* In 1981's ''Film/EscapeFromNewYork'', a monitor displays a 3D wireframe model of [=NYC=] as Snake lands his glider in the city. The filmmakers wanted to use an actual computer model, but since technology wasn't there yet at the budget they had, they compromised by building a physical miniature New York, outlining it with reflective tape, and filming the result. This was the ''budget option''.
* Seen in a 2015 era antique store in ''Film/BackToTheFuturePartII'':
-->'''Antique store saleswoman:''' Now this has an interesting feature -- it has a dust jacket. Books used to have these to protect the covers. Of course that was before they had dust repellent paper. And if you're interested in dust, we have a quaint little piece from the 1980s. It's called a Dustbuster."
** Funnily enough, the Dustbuster continues to enjoy popularity and has even taken on BrandNameTakeover.
** And paper books may be on their way out, dust-proof or otherwise.
* In ''Film/TradingPlaces'', Louis Winthorpe tries to sell his watch at a pawnshop, mentioning how it's waterproof up to 3 atmospheres as proof of how top-of-the-line it is. Today, many watches are waterproof to as many as ''50'' atmospheres.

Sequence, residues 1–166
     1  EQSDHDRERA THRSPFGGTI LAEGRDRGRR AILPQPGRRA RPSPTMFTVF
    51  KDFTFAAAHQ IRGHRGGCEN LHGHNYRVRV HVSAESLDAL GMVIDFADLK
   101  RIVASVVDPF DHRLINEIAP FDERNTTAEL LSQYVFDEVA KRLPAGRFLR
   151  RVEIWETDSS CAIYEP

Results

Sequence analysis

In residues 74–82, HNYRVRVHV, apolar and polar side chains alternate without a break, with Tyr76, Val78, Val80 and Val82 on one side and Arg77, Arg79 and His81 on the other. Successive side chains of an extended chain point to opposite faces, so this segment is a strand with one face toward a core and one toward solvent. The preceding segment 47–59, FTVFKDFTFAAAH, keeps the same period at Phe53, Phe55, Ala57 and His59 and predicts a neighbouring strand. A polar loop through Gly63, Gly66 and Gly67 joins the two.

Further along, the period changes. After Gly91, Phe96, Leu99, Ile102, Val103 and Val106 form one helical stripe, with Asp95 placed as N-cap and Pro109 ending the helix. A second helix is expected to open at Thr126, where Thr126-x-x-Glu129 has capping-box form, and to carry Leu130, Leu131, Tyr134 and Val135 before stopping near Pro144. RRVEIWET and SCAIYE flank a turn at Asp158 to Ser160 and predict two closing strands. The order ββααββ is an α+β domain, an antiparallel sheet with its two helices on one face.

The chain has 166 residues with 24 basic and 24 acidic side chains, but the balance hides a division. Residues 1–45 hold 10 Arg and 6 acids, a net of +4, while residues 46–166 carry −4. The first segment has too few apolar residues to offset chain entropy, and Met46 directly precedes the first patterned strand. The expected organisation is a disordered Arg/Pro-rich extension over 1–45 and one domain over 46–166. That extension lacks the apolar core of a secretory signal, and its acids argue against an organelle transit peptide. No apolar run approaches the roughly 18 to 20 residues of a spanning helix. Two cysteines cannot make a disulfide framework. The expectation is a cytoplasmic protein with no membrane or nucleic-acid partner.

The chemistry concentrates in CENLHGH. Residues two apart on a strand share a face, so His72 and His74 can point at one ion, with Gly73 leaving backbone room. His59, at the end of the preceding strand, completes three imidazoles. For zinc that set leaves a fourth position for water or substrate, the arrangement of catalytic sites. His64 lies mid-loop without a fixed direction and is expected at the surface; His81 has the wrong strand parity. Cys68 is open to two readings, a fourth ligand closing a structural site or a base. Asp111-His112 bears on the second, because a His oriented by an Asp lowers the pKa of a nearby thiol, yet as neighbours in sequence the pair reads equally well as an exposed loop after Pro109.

* In ''Film/TimeBandits'', the embodiment of evil explains that he knows better than the Supreme Being because he has knowledge of "Digital watches. Soon I shall have knowledge of video cassette recorders and car telephones. And when I understand those I shall understand computers. And when I understand computers '''I''' will be the Supreme Being." In 1981, those really were cutting edge and were meant to be. [[AlternativeCharacterInterpretation Now they can be considered evidence that Evil is a little out of touch]].
* ''Film/OneHourPhoto'' was made in 2002, probably at the last possible moment before it'd need a period setting to explain why anyone would need to take pictures somewhere for them to be developed.
* In ''Film/FerrisBuellersDayOff'', Ferris' line "I asked for a car, I got a computer. How's that for being born under a bad sign?" seems strange today. A typical teen in 1986 wouldn't know what to do with a computer, but every teen in modern times would like his or her own private computer for social messaging, file sharing and [[TheInternetIsForPorn pornography]].